Although much work remains before all its benefits will be realized, the Forward Capacity Market satisfies the criteria for a capacity system that works, while avoiding the need for the...
he is: Is the grid really a monopoly? If so, how should the FERC respond? Efficiency takes a back seat to control of market power under a legal analysis. Choose the model - ISO or transco - by how well it deflects anticompetitive conduct and how easy it is to regulate. In fact, Koch acknowledges that while transcos may appear more market-friendly, the efforts involved in controlling them eventually may spur more bureaucracy.
"The transco model," says Koch, "can honestly be seen as furthering a strong national commitment to private ownership and control. ¼ Still, whereas the transco will be privately owned and operated, it will require an active role for government regulation and disappoint pure deregulation."
But I think I was most taken with Joskow's fresh approach. He asks a question I haven't heard much, if at all: Do RTOs help make consumers better off?
"Transmission regulatory reform," says Joskow, "should not be viewed primarily as a 'carrot' ¼ to entice reluctant utilities to form and participate in RTOs."
IN THE MIDWEST ISO, UTILITIES ARE FIGHTING with the FERC over the allowed return on equity. That fight provides a good example of what's at stake in the RTO docket and why Joskow thinks consumers are being overlooked.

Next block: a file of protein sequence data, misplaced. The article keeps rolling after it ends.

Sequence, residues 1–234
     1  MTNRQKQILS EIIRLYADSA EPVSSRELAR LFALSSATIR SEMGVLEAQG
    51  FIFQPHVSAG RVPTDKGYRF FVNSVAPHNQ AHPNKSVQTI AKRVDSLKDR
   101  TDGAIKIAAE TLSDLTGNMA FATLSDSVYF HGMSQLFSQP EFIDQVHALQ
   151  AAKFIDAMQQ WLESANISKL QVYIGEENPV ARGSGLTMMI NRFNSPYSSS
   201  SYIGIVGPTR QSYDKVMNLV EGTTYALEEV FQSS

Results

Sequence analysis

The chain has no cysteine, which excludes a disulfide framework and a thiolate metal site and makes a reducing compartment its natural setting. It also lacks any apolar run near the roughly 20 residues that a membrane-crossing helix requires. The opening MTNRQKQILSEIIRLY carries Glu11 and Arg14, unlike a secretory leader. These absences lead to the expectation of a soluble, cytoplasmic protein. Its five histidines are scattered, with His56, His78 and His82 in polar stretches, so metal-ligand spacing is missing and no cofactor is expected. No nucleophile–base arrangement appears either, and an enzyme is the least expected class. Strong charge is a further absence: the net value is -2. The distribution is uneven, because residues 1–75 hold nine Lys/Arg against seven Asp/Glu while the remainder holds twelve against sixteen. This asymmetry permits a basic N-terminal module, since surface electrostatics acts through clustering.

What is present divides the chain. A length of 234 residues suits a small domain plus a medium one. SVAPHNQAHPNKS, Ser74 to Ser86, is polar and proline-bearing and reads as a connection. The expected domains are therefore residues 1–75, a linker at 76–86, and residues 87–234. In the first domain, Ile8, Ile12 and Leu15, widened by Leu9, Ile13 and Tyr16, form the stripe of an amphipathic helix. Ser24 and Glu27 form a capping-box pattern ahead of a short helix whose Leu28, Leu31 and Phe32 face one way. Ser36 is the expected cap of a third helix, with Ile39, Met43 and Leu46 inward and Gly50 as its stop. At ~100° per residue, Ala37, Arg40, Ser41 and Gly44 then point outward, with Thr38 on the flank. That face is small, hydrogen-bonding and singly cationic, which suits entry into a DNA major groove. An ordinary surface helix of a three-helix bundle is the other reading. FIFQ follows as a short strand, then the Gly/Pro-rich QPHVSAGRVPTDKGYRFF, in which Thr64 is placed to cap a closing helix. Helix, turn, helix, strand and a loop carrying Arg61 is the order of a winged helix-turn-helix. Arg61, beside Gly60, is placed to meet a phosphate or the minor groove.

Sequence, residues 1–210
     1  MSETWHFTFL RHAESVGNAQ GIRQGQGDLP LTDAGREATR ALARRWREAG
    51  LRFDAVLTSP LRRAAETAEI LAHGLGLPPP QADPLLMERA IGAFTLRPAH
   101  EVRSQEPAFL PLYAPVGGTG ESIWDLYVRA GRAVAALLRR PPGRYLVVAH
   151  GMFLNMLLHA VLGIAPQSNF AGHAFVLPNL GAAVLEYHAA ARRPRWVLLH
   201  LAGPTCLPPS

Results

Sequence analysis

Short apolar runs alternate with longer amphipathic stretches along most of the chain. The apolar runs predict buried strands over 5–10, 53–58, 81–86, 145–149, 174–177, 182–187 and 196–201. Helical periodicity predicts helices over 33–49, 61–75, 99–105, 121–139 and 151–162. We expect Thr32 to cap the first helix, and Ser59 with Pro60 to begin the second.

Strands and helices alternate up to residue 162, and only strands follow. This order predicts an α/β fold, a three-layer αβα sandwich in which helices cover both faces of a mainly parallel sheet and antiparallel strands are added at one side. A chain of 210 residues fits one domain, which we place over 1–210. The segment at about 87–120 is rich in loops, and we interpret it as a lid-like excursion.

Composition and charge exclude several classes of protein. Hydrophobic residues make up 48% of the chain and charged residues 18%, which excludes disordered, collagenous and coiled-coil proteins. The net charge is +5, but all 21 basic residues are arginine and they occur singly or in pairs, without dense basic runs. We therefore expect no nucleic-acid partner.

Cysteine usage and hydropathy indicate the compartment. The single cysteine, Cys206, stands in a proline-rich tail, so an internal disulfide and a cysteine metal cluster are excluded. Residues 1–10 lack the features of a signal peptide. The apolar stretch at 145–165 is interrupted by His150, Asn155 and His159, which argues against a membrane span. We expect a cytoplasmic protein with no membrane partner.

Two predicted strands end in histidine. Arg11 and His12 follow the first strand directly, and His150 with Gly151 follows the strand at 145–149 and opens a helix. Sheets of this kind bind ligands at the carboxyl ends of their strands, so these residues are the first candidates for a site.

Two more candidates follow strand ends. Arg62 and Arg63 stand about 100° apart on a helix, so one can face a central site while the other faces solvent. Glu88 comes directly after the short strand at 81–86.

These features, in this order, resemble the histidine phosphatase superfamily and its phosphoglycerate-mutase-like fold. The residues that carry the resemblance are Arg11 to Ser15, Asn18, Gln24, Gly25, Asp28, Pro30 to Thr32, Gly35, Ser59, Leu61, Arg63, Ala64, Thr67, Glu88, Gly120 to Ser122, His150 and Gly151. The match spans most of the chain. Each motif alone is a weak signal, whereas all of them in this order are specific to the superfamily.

A settlement a few months back between MISO and the FERC staff OK'd an ROE floor of 10.5 percent, with room to grow to 11.5 percent, but the MISO members say the higher figure still won't save them from revenue losses when the MISO tariff eliminates rate pancacking, and when they lose the higher returns earning on transmission assets through bundled retail rates approved by state PUCs.
In a brief filed Aug. 2 (Docket No. ER98-1438), the MISO utilities said Cinergy would lose $8 million a year (a one-third drop in transmission revenues) on joining the ISO. They offered testimony by José Delgado (vice president for electric system operations at Wisconsin Electric Power), showing how, under state PUC regulation of bundled retail rates, ROE averaged 12.7 percent for MISO members. He argued that 100 basis points (up to 11.5 percent) would boost transmission rates by only 4 cents per kilowatt-month, a mere fraction of the 74 cents saved by avoiding a pancacked charge from even the lowest-priced tariff for any MISO member, and thus certainly not burdensome on consumers.
Consultant Charles Olson (H. Zinder & Associates) argued further that if the FERC should insist on its discounted cash flow ROE method, with the two-stage procedure for factoring in short- and long-term dividend growth, without using a risk-premium method as a counterbalance, then at least the commission should select interstate gas pipelines as proxy companies for the MISO utilities. After all, the utilities would function much like transmission-only pipelines after ISO formation. Olson's method would yield a DCF-derived ROE of between 11.87 percent and 15.37 percent.
(Note: It was the staff's strict selection of electric utility proxy companies, and its refusal to consider using a risk-premium method, that led to the now-famous ruling of March 31 by administrative law judge Michel Levant (Docket ER97-2355) that